A good indicator of these giveaways being the ground-rule double I say they are and not the Home Run that the Padres were expecting, is taking a look at their attendance numbers. In 2017, the Padres attendance in their first 29 home games were 740,280. In 2018, that number rose to only 760,985. That’s only a 2.7% increase and averaging 714 more fans per game. That number should be in the thousands. Just to demonstrate the ineffectiveness of the Padres and their giveaways, the Padres had a 4 consecutive game bobble-head giveaway back on Mother’s Day Weekend. That series was against the St. Louis Cardinals. In those 4 games, the Padres averaged 27,405 fans, with a high on a Saturday game of 32,715. The average number is barely selling out half the stadium. This was home game number 24 through 27. In 2017, home game number 24 through 26 was a series against the Chicago Cubs starting Monday on Memorial Day. The attendance of the first game of the series was 41,414. ON MEMORIAL DAY, WHICH IS A MONDAY. That is higher than the 2018 Saturday afternoon Trevor Hoffman giveaway game. The 2017 Cubs three-game series average attendance was 32,880, which again is higher. Even if I add the following Friday game, home game number 27, against the Rockies to have a set of 4 games in 2017, the 2017 average attendance is still higher, at 29,893, than the bobble-head giveaway weekend of 2018.

A CEO needs to forecast these decisions to expect better results. Why was this 4-game bobble-head giveaway on Mother’s Day weekend? Why was it when kids are still in school with one of these games (the first game of the series which was a Thursday), on a school night? Why have 4 consecutive bobble head nights? For me, it is difficult to attended 4 games in a month, let alone four consecutive games to get a collectable bobble-head. This giveaway proved that there was a lack of collaboration inside the Padres organization. These games should have been marketed better, the bobble-heads should have been spread out between several months and not just 4 straight days and a forward thinking leader should have thought of a potential low attendance on Mother’s Day weekend. Marketing has never been a strength of the Padres and I’m still surprised that Wayne Partello is still the Chief of Marketing.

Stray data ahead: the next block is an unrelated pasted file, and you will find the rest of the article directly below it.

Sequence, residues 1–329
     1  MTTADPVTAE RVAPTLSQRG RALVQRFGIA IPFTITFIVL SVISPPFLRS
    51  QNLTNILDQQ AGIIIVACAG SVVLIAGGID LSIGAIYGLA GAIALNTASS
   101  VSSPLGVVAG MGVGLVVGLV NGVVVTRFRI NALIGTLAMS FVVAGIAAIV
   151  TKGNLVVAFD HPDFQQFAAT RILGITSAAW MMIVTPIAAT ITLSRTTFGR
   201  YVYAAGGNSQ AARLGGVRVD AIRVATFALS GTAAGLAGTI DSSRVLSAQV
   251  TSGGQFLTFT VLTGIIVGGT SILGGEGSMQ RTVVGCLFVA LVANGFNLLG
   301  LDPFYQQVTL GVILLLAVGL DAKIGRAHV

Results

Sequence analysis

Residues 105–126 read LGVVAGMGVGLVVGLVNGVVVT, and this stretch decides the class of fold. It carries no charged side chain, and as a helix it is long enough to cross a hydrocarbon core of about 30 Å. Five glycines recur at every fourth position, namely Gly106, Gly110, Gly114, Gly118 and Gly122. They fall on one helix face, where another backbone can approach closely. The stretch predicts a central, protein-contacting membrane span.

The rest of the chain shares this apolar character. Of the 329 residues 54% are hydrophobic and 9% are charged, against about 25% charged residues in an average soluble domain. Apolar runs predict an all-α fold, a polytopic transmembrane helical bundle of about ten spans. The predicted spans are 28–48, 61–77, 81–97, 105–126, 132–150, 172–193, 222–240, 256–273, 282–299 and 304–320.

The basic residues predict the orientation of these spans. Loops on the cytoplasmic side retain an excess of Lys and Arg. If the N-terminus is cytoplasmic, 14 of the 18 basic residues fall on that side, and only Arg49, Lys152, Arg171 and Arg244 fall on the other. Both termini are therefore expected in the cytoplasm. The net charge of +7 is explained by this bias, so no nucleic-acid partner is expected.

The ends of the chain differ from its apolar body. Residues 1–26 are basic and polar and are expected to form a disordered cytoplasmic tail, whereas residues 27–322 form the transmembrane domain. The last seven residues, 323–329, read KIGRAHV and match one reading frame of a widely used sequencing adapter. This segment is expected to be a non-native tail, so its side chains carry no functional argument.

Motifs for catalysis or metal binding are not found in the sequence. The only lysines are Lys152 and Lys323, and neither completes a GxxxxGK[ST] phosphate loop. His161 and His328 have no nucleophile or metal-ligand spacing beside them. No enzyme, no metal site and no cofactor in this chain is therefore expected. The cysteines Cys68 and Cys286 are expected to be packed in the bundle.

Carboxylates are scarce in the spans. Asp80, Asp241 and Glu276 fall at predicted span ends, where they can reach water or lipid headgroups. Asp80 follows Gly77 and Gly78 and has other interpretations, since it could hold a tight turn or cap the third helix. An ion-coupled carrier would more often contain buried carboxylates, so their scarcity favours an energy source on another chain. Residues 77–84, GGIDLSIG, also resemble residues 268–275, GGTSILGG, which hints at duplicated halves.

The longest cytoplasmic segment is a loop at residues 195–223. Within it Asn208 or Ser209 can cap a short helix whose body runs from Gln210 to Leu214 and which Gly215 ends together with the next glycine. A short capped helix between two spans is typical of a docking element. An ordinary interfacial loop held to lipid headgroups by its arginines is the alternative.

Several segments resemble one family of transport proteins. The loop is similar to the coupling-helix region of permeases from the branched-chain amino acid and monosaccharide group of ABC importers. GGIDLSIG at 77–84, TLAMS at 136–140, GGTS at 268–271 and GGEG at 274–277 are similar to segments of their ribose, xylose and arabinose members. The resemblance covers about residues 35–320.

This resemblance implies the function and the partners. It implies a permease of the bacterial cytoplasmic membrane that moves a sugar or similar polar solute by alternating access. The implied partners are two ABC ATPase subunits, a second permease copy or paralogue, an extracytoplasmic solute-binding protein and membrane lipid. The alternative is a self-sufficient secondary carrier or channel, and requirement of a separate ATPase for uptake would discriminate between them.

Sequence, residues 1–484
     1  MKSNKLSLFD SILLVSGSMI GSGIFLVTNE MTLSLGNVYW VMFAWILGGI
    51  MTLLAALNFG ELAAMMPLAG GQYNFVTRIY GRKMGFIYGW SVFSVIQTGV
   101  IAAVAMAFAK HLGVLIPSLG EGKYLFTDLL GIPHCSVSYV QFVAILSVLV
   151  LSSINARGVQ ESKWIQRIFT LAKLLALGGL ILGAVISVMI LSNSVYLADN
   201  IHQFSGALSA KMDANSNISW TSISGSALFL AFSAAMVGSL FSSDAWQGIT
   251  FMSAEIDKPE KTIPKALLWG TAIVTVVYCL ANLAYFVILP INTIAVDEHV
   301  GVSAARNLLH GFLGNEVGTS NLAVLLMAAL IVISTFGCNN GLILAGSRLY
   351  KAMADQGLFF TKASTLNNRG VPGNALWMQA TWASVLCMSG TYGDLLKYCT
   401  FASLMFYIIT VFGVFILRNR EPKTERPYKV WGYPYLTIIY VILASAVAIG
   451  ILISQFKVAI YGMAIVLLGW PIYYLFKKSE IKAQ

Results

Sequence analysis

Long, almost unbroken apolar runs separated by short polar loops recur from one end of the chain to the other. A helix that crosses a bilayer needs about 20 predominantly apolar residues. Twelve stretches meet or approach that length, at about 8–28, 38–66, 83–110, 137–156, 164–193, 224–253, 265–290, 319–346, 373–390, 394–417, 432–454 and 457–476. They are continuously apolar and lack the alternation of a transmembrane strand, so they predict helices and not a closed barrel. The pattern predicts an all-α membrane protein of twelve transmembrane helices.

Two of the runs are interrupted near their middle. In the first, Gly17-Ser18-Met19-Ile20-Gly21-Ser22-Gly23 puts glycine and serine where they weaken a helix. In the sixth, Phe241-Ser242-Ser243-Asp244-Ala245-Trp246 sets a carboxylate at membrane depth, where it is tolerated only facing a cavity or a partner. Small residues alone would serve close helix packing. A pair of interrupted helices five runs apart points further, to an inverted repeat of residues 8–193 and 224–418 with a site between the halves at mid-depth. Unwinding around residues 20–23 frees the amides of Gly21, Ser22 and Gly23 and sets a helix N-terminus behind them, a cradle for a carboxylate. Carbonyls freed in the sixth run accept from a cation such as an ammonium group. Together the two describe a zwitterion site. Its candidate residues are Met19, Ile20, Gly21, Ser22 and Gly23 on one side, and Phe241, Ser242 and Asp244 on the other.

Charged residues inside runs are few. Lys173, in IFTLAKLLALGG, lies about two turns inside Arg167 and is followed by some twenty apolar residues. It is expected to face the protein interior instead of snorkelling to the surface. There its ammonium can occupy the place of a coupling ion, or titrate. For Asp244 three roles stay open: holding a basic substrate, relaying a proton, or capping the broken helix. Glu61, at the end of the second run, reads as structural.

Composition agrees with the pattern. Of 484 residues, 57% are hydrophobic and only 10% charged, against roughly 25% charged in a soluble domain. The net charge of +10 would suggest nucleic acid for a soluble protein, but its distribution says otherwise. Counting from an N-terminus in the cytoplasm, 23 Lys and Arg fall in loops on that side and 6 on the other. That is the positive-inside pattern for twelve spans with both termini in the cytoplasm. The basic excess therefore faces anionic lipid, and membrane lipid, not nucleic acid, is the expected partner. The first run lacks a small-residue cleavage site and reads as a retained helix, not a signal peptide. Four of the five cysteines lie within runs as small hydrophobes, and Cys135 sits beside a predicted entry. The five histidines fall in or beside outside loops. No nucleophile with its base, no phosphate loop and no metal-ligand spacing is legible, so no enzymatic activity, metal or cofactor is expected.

Giveaways can be great but when they are mixed in with high-ticket prices, it would be difficult for a family of four to make it out to those games. That family of four may just be better off at home, watch the game, then go on a site like Craiglist or Ebay and buy the giveaway bobble-head just so their son or daughter can have it and they may save some money. Point is, since Dee left, the Padres haven’t even bothered to decrease their ticket prices. Ticket prices do not reflect the product that is on the field, which is watching a below .500 team for the past 2 seasons. That high priced ticket allows you entry into the much talked about over-priced food court and the over-priced and increasingly and obvious takeover of Constellation and AB-InBev beers. There are so many better options around Petco Park and other places in San Diego County to get good food and even better beers that I don’t need to go to Petco Park for that. The tickets should reflect the product on the field.

Even when the Padres tried to sell a ticket package, it was a complete joke. Last season the Padres offered the “5-Win Pass” back in June. The premise of this package was for the consumer of this package, starting in June, would be able to see 5 wins from the Padres and that was it. You would be able to see as many as 16 games but as few as 5 for only $99. If you only were able to see the Padres win 5 straight games, that would cost on average about $19.80. If the Padres would continue to lose and you were able to watch all 16 games in June, that would cost on average $6.19. There lies the problem. The Padres with this plan encouraged losing. Your average fan would want to go as many games as possible and that meant the Padres had to lose. You shouldn’t want your own hometown fans to turn on the team and encourage losing just so they can go to as many games as possible. The better solution would have been to offer the 16 games in June for $99.